Backing down is more dangerous than confrontation, which is why the West should continue its support for Ukraine. Any concessions would only give Vladimir Putin the chance to rebuild his military and attack Ukraine again, Melinda Haring, the deputy director of the Atlantic Council’s Eurasia Centre, said in an interview with LRT.lt.
In a recent article published in The National Interest, Haring called on the US and the West to “arm Ukraine to the teeth”. According to her, now is the right time to strike Vladimir Putin because Russia is weak, and the Kremlin cannot afford to escalate the situation.
However, Washington’s strong support for Ukraine may face increasingly loud sceptical voices inside the US as the country is preparing for mid-term elections in the autumn.
In your piece in the National Interest, you state that “Backing down is dangerous. Confrontation is not”. However, we now hear lots of warnings about the confrontation with Moscow. What are your arguments in response to that?
I was responding to an article in the New York Times, which was encouraging the West to push Ukraine to go to the negotiating table. Right now, we’re seeing a little bit less of that. That was a more popular sentiment a couple of months ago.
There’s the worry here in Washington that the French and the Germans will push Ukraine to the negotiating table before it’s ready. The general argument is that Ukraine should concede its territory. But Russia is going to keep going. There’s no such thing as a permanent peace with Russia. That’s the bottom line and the thrust of the argument.
Are there such voices in Washington who say that it’s more dangerous to confront Russia than back down?
There’s strong support for Ukraine in Congress. I’d say it’s still bipartisan. But sentiment in the United States is changing among voters, and that’s something that I’m worried about. We have midterm elections this year, and some of the polling that’s come out says that 13 percent of Republican voters thought that the US was doing too much for Ukraine before the war. Now, it’s at 27 percent. Another poll says that it’s more like 50 percent of Republican voters.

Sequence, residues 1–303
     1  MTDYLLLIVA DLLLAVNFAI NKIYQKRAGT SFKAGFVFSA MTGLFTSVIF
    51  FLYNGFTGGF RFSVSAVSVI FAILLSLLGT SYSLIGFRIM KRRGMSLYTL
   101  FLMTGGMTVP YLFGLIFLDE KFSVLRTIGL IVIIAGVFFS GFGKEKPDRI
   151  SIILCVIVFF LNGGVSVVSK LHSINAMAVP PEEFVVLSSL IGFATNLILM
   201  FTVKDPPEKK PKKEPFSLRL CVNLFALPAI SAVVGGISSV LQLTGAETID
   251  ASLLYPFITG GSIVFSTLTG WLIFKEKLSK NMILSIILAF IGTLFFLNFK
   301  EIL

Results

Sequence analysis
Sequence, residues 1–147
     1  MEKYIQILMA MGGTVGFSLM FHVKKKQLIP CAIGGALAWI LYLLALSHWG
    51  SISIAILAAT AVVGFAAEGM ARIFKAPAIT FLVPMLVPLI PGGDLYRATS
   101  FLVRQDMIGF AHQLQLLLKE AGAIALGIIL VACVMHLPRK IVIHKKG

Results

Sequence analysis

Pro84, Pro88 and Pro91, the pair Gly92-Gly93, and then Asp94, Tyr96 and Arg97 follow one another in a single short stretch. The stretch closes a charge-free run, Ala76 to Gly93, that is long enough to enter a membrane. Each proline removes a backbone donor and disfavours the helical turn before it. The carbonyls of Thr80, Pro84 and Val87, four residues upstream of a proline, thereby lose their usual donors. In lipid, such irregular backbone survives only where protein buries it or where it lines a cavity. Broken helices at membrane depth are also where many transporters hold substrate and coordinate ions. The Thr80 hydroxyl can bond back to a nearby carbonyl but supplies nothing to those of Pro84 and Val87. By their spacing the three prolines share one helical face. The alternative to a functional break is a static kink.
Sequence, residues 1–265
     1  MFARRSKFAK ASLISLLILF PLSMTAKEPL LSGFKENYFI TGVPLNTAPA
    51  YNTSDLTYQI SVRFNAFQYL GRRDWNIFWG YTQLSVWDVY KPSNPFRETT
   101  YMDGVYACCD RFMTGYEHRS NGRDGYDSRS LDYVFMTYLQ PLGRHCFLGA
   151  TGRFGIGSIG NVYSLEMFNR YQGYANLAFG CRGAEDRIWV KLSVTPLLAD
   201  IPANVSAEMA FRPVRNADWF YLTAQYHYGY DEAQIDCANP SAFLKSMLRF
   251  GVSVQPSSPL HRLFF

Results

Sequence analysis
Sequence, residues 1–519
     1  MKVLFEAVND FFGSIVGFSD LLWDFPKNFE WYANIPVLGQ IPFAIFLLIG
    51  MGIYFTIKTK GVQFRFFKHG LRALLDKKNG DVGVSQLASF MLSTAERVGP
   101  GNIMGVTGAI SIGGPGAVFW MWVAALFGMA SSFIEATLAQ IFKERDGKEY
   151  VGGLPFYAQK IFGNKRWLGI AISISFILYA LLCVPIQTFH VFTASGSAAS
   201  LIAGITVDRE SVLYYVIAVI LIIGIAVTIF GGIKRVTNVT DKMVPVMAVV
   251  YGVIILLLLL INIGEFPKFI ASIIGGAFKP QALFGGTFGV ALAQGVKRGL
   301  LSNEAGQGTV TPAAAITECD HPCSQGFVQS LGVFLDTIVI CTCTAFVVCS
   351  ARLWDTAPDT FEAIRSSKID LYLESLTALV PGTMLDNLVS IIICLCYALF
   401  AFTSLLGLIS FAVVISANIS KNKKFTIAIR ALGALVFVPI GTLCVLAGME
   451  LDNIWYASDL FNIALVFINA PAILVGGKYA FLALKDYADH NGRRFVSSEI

I’m a little suspicious of that, but the point is that the number of Republicans who think that the US is doing too much and spending too much [on support for Ukraine] is growing. That sort of pro-Trump GOP politician is expected to do well in the midterm elections. It’s definitely something to watch.
Among the president’s advisors, his national security advisor, his deputy national security advisor, and his immediate team often talk about escalation. They are worried that if the United States were to do too much, it would cause Russia to come back at the West. They don’t know where that line is. The line has moved a number of times.
They’ve said no to weapon systems, but then, they eventually authorised sending increasingly aggressive weapon systems [to Ukraine]. They’ve said an absolute no to a no-fly zone and an absolute no to fighter jets. I think eventually they will authorise some kind of deal on airplanes, but they’re not there yet.
They simply don’t know, and we’re all guessing what will trigger Vladimir Putin.
Do you think that if the West would have acted more affirmatively, provided more weapons to Ukraine from the very beginning, Russia might have reacted differently?
This was always going to be a tough war for Ukraine just based on sheer numbers. Vladimir Putin is willing to live with many more casualties than any democratic western government would ever be willing to live with. So, it’s a different kind of calculation.